Toftrees, Pennsylvania is a convenient check-in for fans of Penn State University, the state’s largest educational institution, during football weekends. On every other weekend, visitors can get in a round of golf at the city’s self-titled resort.
Although the town takes its name from a hamlet on England’s coast, the course designed by Ed Ault is American through-and-through. Those playing from the tips will need to be both long and accurate, as the course stretches to past 7,100 yards and most of those fairways are lined by trees. Then again, the approaches might be the more difficult shots here. Most of the greens are well-defended by bunkers and many are long and thin, again requiring accuracy (and the correct club) to provide an opportunity for birdie.
No. 9 is the signature hole; a mid-length par four, players must make the decision whether to pull driver and carry the water that runs up the left, or lay up to the right, which will create a much more difficult approach shot.
Although there are few similarities to be found with olde-world golf, the club advertises the fog that comes off the lake in the morning, creating a sense of wandering the moors.
The interesting thing about golf in the Keystone State is how much of a discrepancy there is between the elite roster of private clubs and those open to the public. No State exceeds that gap wider than Pennsy with the lone exception of neighboring New York.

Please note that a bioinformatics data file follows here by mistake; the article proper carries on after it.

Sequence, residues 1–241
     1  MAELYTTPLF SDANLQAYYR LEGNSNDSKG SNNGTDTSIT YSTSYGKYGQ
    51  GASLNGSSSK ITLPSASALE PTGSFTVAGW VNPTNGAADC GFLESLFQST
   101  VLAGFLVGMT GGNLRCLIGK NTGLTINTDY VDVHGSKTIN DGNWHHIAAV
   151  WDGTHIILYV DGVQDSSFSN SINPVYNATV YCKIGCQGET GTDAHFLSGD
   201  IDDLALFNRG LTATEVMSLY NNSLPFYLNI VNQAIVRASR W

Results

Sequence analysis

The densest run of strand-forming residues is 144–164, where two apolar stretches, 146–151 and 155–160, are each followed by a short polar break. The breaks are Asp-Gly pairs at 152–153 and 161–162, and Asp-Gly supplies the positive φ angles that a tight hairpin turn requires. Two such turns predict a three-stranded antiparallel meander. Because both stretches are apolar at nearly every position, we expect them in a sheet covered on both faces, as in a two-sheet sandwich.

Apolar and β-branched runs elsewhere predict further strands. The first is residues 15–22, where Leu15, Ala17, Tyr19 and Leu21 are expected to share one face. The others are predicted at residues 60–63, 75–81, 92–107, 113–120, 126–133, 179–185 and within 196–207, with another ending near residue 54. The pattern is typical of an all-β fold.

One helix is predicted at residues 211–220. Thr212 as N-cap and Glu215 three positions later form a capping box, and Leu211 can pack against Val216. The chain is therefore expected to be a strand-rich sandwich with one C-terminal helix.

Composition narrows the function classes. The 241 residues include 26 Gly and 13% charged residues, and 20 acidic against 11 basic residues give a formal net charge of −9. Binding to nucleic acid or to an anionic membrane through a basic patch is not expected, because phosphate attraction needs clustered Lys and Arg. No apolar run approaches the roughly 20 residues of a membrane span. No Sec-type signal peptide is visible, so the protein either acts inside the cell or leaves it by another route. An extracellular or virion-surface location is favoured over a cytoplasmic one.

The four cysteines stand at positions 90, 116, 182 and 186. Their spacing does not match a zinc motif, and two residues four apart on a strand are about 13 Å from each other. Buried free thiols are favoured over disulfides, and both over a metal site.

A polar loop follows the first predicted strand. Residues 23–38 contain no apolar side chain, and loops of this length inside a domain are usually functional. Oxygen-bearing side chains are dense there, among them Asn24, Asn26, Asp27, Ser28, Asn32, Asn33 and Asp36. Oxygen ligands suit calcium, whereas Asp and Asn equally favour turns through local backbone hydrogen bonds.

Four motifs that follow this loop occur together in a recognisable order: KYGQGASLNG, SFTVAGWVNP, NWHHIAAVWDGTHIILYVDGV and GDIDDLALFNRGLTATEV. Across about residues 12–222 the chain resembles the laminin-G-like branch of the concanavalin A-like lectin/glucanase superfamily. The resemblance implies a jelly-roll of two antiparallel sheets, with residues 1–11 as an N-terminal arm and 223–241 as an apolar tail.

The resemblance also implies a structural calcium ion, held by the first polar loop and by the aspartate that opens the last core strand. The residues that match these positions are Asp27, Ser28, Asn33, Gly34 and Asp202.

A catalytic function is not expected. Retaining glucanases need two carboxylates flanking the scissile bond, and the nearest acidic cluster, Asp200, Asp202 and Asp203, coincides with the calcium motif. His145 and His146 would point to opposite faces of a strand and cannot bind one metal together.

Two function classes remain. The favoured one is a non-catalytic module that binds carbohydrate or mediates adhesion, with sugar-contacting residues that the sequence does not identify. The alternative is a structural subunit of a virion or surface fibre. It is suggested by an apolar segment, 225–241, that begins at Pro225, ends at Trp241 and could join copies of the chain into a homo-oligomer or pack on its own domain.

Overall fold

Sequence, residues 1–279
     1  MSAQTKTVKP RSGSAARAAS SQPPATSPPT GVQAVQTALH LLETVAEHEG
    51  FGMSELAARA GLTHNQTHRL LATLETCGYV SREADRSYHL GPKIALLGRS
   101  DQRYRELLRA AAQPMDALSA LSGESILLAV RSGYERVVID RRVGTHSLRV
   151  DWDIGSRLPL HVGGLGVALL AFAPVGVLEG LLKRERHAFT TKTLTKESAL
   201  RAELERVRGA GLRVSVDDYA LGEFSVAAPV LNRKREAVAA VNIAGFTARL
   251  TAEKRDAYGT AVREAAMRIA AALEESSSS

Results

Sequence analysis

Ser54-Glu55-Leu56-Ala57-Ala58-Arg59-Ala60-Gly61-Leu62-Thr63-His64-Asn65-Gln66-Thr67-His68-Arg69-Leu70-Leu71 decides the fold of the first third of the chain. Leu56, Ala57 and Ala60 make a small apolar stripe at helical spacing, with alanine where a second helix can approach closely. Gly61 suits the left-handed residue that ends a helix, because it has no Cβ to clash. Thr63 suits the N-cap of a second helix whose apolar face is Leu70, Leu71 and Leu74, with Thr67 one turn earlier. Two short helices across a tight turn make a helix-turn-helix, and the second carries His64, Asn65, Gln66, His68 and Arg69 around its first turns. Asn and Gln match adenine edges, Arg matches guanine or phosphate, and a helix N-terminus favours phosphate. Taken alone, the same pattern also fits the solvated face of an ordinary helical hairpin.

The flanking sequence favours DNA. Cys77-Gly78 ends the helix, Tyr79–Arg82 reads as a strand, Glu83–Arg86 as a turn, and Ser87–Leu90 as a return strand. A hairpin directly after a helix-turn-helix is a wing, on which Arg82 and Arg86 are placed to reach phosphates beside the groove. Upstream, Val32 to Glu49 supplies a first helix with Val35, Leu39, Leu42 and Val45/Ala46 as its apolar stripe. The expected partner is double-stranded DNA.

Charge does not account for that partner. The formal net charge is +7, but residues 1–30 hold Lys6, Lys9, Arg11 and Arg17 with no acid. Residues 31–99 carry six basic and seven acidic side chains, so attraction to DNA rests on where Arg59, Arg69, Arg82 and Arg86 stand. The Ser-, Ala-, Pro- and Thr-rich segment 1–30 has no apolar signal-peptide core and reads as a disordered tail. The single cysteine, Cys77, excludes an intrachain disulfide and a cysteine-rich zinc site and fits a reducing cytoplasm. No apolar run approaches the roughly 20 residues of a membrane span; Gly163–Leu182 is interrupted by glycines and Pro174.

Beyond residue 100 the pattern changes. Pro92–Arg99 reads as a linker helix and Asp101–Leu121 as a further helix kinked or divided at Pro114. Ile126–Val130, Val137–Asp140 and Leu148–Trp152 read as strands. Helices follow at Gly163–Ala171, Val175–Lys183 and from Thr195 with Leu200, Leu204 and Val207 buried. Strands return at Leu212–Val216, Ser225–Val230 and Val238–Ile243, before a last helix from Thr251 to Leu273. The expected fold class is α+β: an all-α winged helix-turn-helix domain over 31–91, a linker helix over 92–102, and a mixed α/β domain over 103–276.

Finding engaging public golf in Pennsylvania is no small feat although there has been some progress on this front in recent years but the main frame of golf is still overwhelmingly on the private side.
Toftrees is a resort located in the heart of Pennsy -- State College to be precise and the home location for Penn State University. The resort is well-prepared to handle the needs of its guests.
The golf design is a thorough test from the handiwork of Ed Ault. The land has movement and the lack of adjoining clutter allows the golf experience to be enjoyed. The architecture is from 1968 and it showcases a style that was in vogue then -- large flanking bunkers protecting big greens. The key to success rests on being able to drive the ball well. A number of the fairways are protected by towering trees and failure to pay them a good deal of respect can mean a steady diet of playing ricochet rabbit off them.
You will see that clearly with such stout holes as the par-4 1st and 5th holes. On the inward half you get that noteworthy challenge at the long par-5 14th and the fine closing hole -- a par-4 of 438 yards.
The issue with the design is that the details are fairly straightforward to the point of being rather pedestrian. By no means does that mean the test of golf is rudimentary. The need for solid play is called upon but the juice of design is nailing down the subtle elements -- bringing to life a robust mixture of high-end inclusions that spark the emotions and cause a sense of unremitting rapture.
On that front, Toftees has a few such moments but the layout would really benefit from a detailed makeover that could shape the layout in intersecting with a real 21st century connection where the embracing of classic architecture is brought front and center. For the architectural intelligentsia a round at Toftrees will be enjoyable but hardly memorable.
M. James Ward